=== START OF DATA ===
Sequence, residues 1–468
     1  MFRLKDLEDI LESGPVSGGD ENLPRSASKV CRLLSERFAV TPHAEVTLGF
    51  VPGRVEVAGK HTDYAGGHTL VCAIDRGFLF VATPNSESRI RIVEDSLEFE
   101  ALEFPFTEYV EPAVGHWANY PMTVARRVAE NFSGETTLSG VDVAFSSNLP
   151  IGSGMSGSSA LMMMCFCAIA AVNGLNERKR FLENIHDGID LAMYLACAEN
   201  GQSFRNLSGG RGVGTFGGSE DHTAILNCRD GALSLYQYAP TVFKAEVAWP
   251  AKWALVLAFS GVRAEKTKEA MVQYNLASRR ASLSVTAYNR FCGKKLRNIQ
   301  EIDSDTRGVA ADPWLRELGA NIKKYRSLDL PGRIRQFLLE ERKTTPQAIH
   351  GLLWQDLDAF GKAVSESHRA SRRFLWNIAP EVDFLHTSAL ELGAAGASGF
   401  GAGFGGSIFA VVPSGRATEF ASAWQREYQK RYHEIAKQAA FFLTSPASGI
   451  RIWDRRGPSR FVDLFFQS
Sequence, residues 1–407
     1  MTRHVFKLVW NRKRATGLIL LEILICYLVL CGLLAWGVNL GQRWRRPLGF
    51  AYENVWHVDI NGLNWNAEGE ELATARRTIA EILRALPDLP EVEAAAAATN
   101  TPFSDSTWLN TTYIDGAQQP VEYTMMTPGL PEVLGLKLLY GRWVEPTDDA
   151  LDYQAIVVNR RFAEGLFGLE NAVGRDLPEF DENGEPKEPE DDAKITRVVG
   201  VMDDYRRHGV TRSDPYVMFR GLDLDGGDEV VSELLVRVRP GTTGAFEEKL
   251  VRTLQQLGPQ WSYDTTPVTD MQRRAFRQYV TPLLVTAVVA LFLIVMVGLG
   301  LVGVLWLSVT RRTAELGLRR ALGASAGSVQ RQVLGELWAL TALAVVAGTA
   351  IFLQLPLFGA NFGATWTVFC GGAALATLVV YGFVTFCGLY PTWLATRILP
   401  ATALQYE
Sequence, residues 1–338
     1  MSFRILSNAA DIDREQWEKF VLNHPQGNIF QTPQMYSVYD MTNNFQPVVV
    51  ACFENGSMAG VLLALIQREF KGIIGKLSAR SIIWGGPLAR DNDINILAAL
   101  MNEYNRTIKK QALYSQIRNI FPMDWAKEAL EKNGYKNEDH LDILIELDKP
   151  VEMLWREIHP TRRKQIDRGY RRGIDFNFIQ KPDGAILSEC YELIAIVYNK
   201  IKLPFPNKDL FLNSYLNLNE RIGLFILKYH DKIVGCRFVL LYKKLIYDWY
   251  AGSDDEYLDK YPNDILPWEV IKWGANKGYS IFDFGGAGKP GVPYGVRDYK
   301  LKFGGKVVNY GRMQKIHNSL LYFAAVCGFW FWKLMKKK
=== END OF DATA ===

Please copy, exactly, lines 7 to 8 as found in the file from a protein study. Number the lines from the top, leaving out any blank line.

   251  AKWALVLAFS GVRAEKTKEA MVQYNLASRR ASLSVTAYNR FCGKKLRNIQ
   301  EIDSDTRGVA ADPWLRELGA NIKKYRSLDL PGRIRQFLLE ERKTTPQAIH